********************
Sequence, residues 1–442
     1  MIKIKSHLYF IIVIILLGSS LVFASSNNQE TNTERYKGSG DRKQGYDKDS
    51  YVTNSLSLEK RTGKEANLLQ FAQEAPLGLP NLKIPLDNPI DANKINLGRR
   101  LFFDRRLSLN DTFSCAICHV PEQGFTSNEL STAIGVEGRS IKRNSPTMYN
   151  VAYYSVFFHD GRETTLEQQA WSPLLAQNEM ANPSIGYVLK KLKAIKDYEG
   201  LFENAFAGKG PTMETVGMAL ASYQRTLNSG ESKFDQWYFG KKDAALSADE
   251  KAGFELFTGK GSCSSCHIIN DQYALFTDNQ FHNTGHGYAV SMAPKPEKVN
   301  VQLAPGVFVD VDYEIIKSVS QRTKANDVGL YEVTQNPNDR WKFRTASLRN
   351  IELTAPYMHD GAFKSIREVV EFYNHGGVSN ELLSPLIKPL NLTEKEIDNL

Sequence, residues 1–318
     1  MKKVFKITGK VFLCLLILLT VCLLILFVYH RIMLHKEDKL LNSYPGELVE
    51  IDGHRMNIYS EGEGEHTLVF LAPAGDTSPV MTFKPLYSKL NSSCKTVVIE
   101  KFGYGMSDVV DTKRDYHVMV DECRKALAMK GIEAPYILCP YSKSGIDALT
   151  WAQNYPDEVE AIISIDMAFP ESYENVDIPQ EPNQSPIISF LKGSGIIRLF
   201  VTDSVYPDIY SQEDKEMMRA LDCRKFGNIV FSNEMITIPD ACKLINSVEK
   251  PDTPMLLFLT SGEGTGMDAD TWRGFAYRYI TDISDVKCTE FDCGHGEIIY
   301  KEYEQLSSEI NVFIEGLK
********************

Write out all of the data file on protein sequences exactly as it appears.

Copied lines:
Sequence, residues 1–442
     1  MIKIKSHLYF IIVIILLGSS LVFASSNNQE TNTERYKGSG DRKQGYDKDS
    51  YVTNSLSLEK RTGKEANLLQ FAQEAPLGLP NLKIPLDNPI DANKINLGRR
   101  LFFDRRLSLN DTFSCAICHV PEQGFTSNEL STAIGVEGRS IKRNSPTMYN
   151  VAYYSVFFHD GRETTLEQQA WSPLLAQNEM ANPSIGYVLK KLKAIKDYEG
   201  LFENAFAGKG PTMETVGMAL ASYQRTLNSG ESKFDQWYFG KKDAALSADE
   251  KAGFELFTGK GSCSSCHIIN DQYALFTDNQ FHNTGHGYAV SMAPKPEKVN
   301  VQLAPGVFVD VDYEIIKSVS QRTKANDVGL YEVTQNPNDR WKFRTASLRN
   351  IELTAPYMHD GAFKSIREVV EFYNHGGVSN ELLSPLIKPL NLTEKEIDNL

Sequence, residues 1–318
     1  MKKVFKITGK VFLCLLILLT VCLLILFVYH RIMLHKEDKL LNSYPGELVE
    51  IDGHRMNIYS EGEGEHTLVF LAPAGDTSPV MTFKPLYSKL NSSCKTVVIE
   101  KFGYGMSDVV DTKRDYHVMV DECRKALAMK GIEAPYILCP YSKSGIDALT
   151  WAQNYPDEVE AIISIDMAFP ESYENVDIPQ EPNQSPIISF LKGSGIIRLF
   201  VTDSVYPDIY SQEDKEMMRA LDCRKFGNIV FSNEMITIPD ACKLINSVEK
   251  PDTPMLLFLT SGEGTGMDAD TWRGFAYRYI TDISDVKCTE FDCGHGEIIY
   301  KEYEQLSSEI NVFIEGLK